Our bodies will tap into different forms of stored and circulating energy depending on the intensity, type and duration of a session. Understanding how and when the body uses various energy sources allows us to fuel the body properly, and can help maximize performance.
Fats are the body’s preferred source of fuel at rest and during low intensity activity while carbohydrates (stored as glycogen in the body) are essential for high intensity exercise. Your ability to switch between and efficiently use both of these forms of energy is termed ‘metabolic flexibility’. It’s a common misconception that becoming a better fat burner is for those athletes who want to lose body fat. The aim of an endurance training program is always to increase the efficiency of both our fat and glycolytic engines. While this may lead to a reduction in body fat (if this is the goal) you are actually creating the adaptations required to increase performance.
Let’s talk more about those fuel types.
Your stored fat gives you the largest bang for your buck in terms of energy. You can exercise for hours at low intensities (<60% VO2 Max) since your body has a huge store of calories stored as fat, making fat a great source of fuel for long sustained efforts. You’ll be able to travel a far distance, however, you won’t be able to travel it at max power.
Think of fuel source number 2, stored glycogen, like your reserve tanks. Your muscles store glycogen, which can be broken down and used to contract skeletal muscle when you need it. Your liver’s glycogen “reserve tank” of stored glucose can be used to maintain adequate levels of glucose in the blood. While your glycogen is a great source of quick fuel for sprints or a few short high-intensity efforts, these reserve tanks can only hold a certain amount of fuel. The average male (70 kg) can store between 1600 and 2400 kcals of glycogen based energy in the muscle and liver combined. This amount of fuel will be significantly depleted after only about 90 min of high-intensity exercise.
If you are an athlete in a sport with repeated sprints, interval efforts, or sustained high-intensity exercise lasting longer than 45 minutes, then ingesting carbohydrates during exercise will help to spare liver glycogen stores and delay the onset of fatigue. The quantity of carbohydrates needed is largely dictated by duration and intensity of exercise.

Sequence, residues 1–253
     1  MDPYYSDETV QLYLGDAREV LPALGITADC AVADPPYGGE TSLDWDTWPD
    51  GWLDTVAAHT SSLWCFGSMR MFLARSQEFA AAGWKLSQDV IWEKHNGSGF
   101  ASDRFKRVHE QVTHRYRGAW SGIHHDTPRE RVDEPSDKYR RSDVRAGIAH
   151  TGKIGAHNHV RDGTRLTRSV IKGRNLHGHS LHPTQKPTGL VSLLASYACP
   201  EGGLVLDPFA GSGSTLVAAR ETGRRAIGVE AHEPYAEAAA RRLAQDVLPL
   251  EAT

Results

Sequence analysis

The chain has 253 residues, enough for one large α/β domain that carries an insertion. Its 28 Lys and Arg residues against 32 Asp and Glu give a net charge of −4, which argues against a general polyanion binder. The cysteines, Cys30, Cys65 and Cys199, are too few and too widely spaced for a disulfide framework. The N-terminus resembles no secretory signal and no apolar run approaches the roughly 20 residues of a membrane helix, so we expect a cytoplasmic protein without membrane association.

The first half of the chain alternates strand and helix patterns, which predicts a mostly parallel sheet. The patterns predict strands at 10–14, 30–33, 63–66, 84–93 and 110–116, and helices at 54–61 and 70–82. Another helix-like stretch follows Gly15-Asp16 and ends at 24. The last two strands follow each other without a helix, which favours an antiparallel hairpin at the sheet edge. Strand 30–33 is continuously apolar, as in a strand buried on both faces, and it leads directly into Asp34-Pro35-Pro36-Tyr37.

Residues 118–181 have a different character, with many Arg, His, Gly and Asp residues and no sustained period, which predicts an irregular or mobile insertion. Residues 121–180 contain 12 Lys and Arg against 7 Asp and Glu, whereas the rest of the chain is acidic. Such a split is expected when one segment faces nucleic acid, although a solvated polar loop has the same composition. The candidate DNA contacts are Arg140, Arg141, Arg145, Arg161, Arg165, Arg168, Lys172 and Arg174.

How efficient are you?
There are two ways in which you can tell how efficient your Fat and Glycogen burning engines are.
- Continuous glucose monitoring technology (CGM)
This technology gives visibility into how the body is using energy before, during, and after an athletic event, and can take some of the guesswork out of choosing how and when to re-fuel. The ability to see how your body respond to different meals throughout the rest of the day will go a long way in explaining the peaks and troughs in sugar cravings, mood etc.
What do you want to see from a GCM?
Low intensity training (<60% VO2 Max)
Your blood sugar should not rise. In fact, you may see a brief dip in blood glucose at the onset of exercise while your body uses the readily available glucose already in circulation (it’s a quick and easy fuel source) in combination with stored fat. Since the intensity of exercise is not high enough to cue your liver to mobilize stored glycogen, after you burn through the small amounts of glucose in circulation, your blood sugar should be steady as you primarily use fat for energy.
High intensity training (>80% VO2 Max)
At high intensities, you are going to primarily be using glucose for energy. You want to make sure that you are not starting out with extremely low blood sugar; if the training starts out at a high intensity then you will be depleting your glycogen stores quickly, leaving you to rely on feeding for any subsequent high intensity efforts.
- Metabolic Profiling
Metabolic profiling will show you exactly what fuel source is powering you watts. The following is the type of graph output from an INSCYD test. As you can see when exercise intensity increases, percentage of energy obtained from carbohydrates increases (red line), while percentage of energy obtained from fat decreases (green line)
There are specific training sessions that you can integrate into your program to improve both your glycolitic and fat burning engines. There are also nutritional strategies that will help your body become more metabolically efficient. At Athlete Nutrition Coach we teach the athlete to periodize their fuel in accordance with their training duration and intensity – in other words, fuel for the work required.
The Athlete Nutrition Coach programs outline fueling strategies for varying intensities ranging from 30 minutes to 5 hours plus. These evidence based fueling strategies will improve your ability to complete the session with energy left in the tank. And our nutrition principles will enhance your metabolic flexibility to ensure you are making the correct adaptation to those sessions.